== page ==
For any parents, losing a child is a devastating experience. In China, the loss comes even more tragic because of its decades long one-child policy.
For about 40 years, each Chinese couple was only allowed to have one child. And for those who lost their only son or daughter, life could be lonely, dark and financially difficult – to say the least.
One such Chinese mother decided to try for another baby at the age of 46 – despite being partially paralysed – so her and her husband’s life could have hope again.
The tears of joy and sorrow: Fang Zhiying, 48, cries on the operating table as she hears her twins were born safely in China
Welcome to the world: Mr Pang and Ms Fang’s son, Si Si, was born on December 14, bringing hope to the grieving couple
Miraculous birth: Their daughter, Nian Nian, arrived two minutes after her elder brother in the Zhongnan Hospital in Wuhan
After undergoing four rounds of IVF treatment in two years and a highly risky pregnancy, Fang Zhiying gave birth to a set of twins at the age of 48 in the Zhongnan Hospital in Wuhan last December.
As soon as Ms Fang heard her newborns’ first cries, she burst into tears on the operating table.
These were the tears of joy for the babies and tears of sorrow for her deceased son, who died as a hero trying to save the others from a massive fire.
As stated by Chinese newspaper Changjiang Daily, Fang Zhiying and her husband Pang Fangguo’s only child, Pang Ti, was a firefighter. He was killed aged 24 after being sent to control a series of chemical explosions at a factory warehouse in Tianjin in 2015.
The deadly blast is the most horrific chemical disaster China has seen in decades and left a total of 173 people dead – many of them firefighters and the only child such as Pang Ti.
The couple, from the city of Suizhou in central China, were completely devastated by their son’s death.
Ms Fang is paralysed in the right arm and lost the ability to work after surviving a stroke in 2007. She became so depressed after losing her single child that she would sit in her home staring at the ceiling all day.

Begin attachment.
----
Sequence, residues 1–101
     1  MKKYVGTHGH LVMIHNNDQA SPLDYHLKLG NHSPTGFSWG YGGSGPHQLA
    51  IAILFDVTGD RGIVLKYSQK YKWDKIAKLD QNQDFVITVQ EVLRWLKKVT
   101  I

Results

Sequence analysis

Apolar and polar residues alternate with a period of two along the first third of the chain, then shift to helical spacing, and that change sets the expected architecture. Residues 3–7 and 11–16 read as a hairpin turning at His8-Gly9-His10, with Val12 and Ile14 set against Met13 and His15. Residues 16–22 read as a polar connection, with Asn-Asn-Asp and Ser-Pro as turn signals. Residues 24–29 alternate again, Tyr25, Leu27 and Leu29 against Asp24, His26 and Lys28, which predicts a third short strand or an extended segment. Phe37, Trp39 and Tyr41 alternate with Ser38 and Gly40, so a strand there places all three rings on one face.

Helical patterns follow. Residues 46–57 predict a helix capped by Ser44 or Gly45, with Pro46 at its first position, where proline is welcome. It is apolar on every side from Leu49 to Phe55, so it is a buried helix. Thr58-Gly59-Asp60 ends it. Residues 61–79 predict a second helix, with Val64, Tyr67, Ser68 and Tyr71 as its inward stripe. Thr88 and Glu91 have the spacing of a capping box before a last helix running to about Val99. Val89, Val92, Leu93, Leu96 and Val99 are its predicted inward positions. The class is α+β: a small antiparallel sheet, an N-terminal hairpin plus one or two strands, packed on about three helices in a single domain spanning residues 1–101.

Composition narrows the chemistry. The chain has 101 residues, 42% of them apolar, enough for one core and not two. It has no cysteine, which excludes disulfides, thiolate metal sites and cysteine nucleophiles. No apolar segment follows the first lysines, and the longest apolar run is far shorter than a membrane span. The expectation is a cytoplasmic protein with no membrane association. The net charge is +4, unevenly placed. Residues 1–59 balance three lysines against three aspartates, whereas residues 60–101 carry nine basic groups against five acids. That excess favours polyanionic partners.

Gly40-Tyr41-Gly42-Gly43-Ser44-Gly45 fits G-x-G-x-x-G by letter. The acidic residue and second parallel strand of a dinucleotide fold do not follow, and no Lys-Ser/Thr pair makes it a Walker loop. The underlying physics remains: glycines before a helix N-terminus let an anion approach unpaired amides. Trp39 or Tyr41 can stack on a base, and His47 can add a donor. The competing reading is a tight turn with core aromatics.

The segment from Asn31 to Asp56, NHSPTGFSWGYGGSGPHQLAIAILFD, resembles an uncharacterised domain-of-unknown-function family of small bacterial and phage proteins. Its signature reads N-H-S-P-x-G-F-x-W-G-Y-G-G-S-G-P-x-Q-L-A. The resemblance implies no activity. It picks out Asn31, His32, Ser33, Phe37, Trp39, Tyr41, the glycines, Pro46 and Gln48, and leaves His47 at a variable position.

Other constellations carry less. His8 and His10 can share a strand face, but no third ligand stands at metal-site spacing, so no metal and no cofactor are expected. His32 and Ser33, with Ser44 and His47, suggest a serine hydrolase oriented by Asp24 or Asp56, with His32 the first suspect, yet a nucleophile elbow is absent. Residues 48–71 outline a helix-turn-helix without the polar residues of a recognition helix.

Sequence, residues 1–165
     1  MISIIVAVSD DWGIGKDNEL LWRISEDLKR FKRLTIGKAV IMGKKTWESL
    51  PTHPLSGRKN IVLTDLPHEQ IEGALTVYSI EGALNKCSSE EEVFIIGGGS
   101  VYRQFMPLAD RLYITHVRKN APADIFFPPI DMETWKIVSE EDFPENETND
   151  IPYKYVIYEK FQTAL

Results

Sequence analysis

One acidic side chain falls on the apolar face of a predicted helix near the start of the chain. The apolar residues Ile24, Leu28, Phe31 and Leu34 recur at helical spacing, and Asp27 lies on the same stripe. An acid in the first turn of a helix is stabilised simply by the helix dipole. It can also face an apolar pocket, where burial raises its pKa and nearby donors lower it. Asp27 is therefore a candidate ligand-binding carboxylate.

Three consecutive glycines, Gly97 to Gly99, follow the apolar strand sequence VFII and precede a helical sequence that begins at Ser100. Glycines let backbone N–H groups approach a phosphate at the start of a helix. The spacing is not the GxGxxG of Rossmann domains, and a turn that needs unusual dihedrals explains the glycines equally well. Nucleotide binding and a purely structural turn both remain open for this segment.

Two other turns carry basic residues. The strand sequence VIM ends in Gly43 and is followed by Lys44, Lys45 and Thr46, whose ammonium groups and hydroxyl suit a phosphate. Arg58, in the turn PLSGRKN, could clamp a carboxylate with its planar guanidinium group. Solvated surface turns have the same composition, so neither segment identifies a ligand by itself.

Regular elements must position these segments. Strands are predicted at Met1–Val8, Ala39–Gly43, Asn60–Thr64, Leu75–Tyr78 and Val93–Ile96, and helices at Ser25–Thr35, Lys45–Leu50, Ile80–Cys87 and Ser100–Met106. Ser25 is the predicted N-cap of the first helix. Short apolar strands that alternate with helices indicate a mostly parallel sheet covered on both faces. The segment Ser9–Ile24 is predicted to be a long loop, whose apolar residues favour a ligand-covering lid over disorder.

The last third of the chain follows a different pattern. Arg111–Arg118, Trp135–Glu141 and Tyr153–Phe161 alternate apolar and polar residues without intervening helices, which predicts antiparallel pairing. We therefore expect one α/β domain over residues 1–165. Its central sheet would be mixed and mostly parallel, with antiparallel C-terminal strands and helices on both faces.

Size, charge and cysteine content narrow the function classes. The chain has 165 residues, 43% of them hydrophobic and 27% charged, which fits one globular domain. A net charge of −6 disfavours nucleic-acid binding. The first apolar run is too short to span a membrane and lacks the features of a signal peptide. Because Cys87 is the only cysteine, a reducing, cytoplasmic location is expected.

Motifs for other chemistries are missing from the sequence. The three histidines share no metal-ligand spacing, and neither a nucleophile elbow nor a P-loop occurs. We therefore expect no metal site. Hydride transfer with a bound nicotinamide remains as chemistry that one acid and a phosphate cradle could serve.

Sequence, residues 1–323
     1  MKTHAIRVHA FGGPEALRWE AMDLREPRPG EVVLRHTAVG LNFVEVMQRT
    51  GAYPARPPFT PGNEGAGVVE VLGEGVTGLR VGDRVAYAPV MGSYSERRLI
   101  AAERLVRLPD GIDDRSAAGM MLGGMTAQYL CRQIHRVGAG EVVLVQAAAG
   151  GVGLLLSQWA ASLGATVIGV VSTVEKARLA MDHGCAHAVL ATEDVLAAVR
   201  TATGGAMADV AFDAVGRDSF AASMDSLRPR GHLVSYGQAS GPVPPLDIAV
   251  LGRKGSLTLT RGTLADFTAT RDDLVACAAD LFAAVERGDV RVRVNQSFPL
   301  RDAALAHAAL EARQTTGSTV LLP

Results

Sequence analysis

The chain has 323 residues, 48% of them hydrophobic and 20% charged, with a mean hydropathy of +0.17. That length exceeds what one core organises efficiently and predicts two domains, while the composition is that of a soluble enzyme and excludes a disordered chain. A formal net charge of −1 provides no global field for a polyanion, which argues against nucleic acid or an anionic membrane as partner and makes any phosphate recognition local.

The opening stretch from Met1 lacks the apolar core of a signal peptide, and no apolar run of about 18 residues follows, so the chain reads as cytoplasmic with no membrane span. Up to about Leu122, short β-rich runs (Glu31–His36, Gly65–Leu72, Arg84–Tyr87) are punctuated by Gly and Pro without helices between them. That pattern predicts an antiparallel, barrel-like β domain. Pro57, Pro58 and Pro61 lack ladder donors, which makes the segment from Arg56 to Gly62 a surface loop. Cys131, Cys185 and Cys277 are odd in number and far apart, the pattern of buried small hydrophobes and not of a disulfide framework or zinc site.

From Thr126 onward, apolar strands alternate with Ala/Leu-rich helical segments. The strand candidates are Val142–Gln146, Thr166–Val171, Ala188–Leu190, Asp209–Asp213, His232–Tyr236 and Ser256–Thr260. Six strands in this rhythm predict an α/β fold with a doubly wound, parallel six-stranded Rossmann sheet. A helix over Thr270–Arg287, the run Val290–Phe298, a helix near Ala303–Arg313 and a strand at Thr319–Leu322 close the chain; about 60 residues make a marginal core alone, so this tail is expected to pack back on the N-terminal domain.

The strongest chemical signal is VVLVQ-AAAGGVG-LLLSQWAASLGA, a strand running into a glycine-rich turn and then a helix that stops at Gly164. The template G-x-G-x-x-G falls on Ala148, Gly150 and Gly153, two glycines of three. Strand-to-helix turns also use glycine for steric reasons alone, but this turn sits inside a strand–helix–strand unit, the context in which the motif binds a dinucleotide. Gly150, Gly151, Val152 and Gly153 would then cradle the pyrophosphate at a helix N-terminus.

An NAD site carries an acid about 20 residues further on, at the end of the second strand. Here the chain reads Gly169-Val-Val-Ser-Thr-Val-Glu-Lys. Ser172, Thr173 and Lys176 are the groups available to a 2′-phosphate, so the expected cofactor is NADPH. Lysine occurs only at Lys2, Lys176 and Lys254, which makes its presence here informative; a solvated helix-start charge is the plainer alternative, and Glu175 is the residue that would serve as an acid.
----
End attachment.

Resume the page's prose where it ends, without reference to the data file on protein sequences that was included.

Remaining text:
Mr Pang, who was 48 years old when his son died, spent every day looking after his wife. He suggested to her that they should try to have more babies, so that they could have offspring and their life could be lively. Ms Fang agreed.
A long-awaited family portrait: Ms Fang, 49, and her husband, 50, hold their twins next to their late son’s military uniform
Family is an important concept in the Chinese culture, especially to have your own children and to pass on your family’s name. Many traditionally minded people also believe that having children means that someone would look after them when they get old.
As stated by latest statistics, around 670,000 women in China have to live through the bitterness of losing their only child.
Some of them managed to have another child when the one-child policy was lifted in 2016, but many were already too old to try for babies again.
Mr Pang weeps as he talks about his late son, Pang Ti, who was killed in 2015 while trying to save the others in a massive fire
Ms Fang, who has survived a stroke and is paralysed in the right arm, sits in her home as she waits for her due date of her twins
To bring new hope to their life, Mr Pang and Ms Fang embarked on a challenging journey of becoming parents again.
The couple went through three rounds of IVF from April, 2016, but all of them failed. Ms Fang however was determined to carry on so they had a fourth session on May 13, 2017.